Presided over first Gulf War

41st pres­i­dent over­saw end of the Cold War

Post Tribune (Sunday) - - Front Page - By Michael Graczyk As­so­ci­ated Press

HOUSTON — Ge­orge H.W. Bush, whose pres­i­dency soared with the coali­tion vic­tory over Iraq in Kuwait, but then plum­meted in the throes of a weak econ­omy that led vot­ers to turn him out of of­fice af­ter a sin­gle term, has died. He was 94.

The World War II hero, who also presided dur­ing the col­lapse of the Soviet Union and the fi­nal months of the Cold War, died Fri­day night at his Houston home, said fam­ily spokesman Jim McGrath.

His wife of more than 70 years, Bar­bara Bush, died in April.

The son of a sen­a­tor and fa­ther of a pres­i­dent, Bush was the man with the golden re­sume who rose through the po­lit­i­cal ranks: from con­gress­man to U.N. am­bas­sador, Repub­li­can Party chair­man to en­voy to China, CIA di­rec­tor to two-term vice pres­i­dent un­der the pop­u­lar Ronald Rea­gan. The 1991 Gulf War stoked his pop­u­lar­ity.

But Bush would ac­knowl­edge that he had trou­ble ar­tic­u­lat­ing “the vi­sion thing,” and he was haunted by his de­ci­sion to break a stern, solemn vow he made to vot­ers: “Read my lips. No new taxes.”

He lost his bid for re-elec­tion to Bill Clin­ton in a cam­paign in which busi­ness­man H. Ross Perot took al­most 19 per­cent of the vote as an in­de­pen­dent can­di­date. Still, he lived to see his son, Ge­orge W., twice elected to the pres­i­dency — only the sec­ond fa­ther-and-son chief ex­ec­u­tives, fol­low­ing John Adams and John Quincy Adams.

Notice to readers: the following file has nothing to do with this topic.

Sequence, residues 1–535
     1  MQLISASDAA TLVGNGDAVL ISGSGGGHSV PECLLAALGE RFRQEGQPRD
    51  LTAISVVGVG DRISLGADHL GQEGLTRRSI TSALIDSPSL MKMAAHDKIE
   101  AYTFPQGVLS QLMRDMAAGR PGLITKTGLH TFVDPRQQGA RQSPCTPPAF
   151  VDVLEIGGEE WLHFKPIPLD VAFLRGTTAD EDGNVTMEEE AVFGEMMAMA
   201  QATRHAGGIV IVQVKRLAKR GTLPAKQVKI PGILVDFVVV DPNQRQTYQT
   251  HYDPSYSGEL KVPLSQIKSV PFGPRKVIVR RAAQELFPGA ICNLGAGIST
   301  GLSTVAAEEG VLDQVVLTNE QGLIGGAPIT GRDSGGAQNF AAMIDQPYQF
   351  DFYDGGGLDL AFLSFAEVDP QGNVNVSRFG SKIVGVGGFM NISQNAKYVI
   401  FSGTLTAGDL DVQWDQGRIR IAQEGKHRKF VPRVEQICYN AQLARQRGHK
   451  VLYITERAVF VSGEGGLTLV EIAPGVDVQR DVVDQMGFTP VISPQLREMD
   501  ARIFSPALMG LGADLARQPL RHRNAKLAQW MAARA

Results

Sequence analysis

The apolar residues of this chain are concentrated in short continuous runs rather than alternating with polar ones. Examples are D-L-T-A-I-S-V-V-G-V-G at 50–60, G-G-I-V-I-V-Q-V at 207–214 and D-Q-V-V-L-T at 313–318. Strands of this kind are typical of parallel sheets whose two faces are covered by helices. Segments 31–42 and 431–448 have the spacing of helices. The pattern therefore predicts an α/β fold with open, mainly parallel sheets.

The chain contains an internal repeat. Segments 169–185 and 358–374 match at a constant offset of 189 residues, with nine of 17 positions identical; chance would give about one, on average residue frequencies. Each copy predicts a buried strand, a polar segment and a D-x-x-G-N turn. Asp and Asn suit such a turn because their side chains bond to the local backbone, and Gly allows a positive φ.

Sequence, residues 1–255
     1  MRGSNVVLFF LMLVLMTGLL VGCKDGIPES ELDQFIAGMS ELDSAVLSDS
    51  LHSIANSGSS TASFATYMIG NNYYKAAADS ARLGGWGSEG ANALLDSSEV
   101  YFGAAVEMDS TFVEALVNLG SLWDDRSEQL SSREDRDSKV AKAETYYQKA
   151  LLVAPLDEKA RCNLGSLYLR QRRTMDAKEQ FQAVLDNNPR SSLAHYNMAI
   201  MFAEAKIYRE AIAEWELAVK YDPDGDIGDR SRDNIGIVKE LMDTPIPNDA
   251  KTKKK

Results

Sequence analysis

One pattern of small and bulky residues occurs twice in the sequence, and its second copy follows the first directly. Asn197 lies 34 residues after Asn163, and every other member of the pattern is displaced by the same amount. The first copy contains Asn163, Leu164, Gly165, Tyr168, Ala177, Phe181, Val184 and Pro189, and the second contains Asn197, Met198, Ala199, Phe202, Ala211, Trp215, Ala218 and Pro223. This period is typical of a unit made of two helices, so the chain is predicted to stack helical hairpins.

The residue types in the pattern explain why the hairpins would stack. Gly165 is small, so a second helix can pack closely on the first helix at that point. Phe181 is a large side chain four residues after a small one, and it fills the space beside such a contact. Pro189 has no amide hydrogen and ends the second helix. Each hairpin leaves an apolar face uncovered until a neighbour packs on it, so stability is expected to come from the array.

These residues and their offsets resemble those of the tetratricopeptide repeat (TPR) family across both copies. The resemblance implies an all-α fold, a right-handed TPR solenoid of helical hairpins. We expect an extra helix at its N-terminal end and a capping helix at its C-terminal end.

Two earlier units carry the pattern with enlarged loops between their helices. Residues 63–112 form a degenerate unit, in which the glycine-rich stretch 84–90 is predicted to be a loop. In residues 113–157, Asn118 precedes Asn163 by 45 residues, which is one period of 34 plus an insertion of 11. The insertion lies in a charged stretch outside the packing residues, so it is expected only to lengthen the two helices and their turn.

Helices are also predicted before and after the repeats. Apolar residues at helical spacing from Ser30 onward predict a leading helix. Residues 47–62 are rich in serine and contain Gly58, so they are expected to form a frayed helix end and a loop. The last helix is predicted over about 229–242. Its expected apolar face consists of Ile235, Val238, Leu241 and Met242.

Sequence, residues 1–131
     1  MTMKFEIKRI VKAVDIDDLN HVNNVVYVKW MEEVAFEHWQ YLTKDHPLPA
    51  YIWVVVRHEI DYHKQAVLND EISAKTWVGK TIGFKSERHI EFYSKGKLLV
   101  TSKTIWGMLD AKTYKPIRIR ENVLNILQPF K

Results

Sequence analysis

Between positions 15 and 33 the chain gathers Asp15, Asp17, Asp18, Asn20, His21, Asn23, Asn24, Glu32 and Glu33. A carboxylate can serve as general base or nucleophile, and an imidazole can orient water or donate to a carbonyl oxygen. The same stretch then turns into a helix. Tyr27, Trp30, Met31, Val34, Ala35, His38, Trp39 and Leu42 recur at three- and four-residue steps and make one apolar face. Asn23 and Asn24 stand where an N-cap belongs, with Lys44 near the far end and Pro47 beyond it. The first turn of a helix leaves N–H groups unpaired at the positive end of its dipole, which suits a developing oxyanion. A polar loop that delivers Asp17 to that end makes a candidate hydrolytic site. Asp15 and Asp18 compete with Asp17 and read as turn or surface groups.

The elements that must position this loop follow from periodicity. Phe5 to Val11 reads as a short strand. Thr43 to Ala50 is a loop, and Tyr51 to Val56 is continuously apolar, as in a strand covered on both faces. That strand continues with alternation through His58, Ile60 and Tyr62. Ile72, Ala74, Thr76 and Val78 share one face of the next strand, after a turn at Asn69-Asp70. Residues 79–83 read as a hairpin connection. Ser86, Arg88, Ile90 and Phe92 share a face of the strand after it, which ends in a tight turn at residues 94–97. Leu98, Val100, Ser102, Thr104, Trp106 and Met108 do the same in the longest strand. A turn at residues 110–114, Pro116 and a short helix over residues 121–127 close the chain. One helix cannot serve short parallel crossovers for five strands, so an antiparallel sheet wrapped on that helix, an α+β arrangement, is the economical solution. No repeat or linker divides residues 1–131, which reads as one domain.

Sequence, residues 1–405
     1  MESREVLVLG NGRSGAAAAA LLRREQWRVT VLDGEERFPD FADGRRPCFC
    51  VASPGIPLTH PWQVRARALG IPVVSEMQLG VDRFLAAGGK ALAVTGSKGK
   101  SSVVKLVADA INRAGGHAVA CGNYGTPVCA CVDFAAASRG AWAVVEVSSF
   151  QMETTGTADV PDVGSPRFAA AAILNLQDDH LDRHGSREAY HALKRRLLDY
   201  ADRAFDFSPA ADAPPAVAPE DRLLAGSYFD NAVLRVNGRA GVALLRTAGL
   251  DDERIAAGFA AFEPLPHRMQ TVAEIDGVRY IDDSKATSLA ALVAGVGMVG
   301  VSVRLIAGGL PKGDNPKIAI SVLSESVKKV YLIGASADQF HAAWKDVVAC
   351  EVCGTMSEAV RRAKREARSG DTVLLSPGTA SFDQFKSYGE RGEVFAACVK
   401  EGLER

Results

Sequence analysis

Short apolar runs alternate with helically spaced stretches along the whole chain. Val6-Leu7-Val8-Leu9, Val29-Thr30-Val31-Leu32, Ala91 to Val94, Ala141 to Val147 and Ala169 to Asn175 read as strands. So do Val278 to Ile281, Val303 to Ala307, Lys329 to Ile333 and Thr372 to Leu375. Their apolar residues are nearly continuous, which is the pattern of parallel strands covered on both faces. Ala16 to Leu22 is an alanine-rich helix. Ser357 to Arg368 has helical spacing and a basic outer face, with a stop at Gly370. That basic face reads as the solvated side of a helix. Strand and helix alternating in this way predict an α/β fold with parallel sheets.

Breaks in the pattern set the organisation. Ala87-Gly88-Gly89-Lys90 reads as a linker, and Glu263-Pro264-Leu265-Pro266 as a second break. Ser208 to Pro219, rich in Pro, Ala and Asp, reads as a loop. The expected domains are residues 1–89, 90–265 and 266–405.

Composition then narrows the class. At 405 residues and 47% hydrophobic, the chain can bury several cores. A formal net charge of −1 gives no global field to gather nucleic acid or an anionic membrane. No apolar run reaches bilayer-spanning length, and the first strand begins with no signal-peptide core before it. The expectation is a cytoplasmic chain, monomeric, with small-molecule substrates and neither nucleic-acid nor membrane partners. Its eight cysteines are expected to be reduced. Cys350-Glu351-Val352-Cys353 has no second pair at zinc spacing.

The 43rd pres­i­dent is­sued a state­ment Fri­day fol­low­ing his fa­ther’s death, say­ing the el­der Bush “was a man of the high­est char­ac­ter.”

“The en­tire Bush fam­ily is deeply grate­ful for 41’s life and love, for the com­pas­sion of those who have cared and prayed for Dad,” the state­ment read.

Af­ter his 1992 de­feat, Ge­orge H.W.

Bush com­plained that me­dia-cre­ated “myths” gave vot­ers a mis­taken im­pres­sion that he did not iden­tify with the lives of or­di­nary Amer­i­cans.

Once out of of­fice, Bush was con­tent to re­main on the side­lines, ex­cept for an oc­ca­sional speech or paid ap­pear­ance and vis­its abroad. He backed Clin­ton on the North Amer­i­can Free Trade Agree­ment, which had its ge­n­e­sis dur­ing his own pres­i­dency. He vis­ited the Mid­dle East, where he was revered for his de­fense of Kuwait.

And he re­turned to China, where he was wel­comed as “an old friend” from his days as the U.S. am­bas­sador there.

He later teamed with Clin­ton to raise tens of mil­lions of dol­lars for vic­tims of a 2004 tsunami in the In­dian Ocean and Hur­ri­cane Ka­t­rina, which swamped New Or­leans and the Gulf Coast in 2005. Dur­ing their wide-rang­ing trav­els, the po­lit­i­cal odd cou­ple grew close.

“Who would have thought that I would be work­ing with Bill Clin­ton, of all peopl e?” Bush quipped in Oc­to­ber 2005.

On Fri­day, his suc­ces­sor said in a state­ment that he would “al­ways hold our friend­ship as one of my life’s great­est gifts.”

Those sen­ti­ments were echoed by Barack Obama, the 44th pres­i­dent, who said Fri­day that “Amer­ica has lost a pa­triot and hum­ble ser­vant in Ge­orge Her­bert Walker Bush.”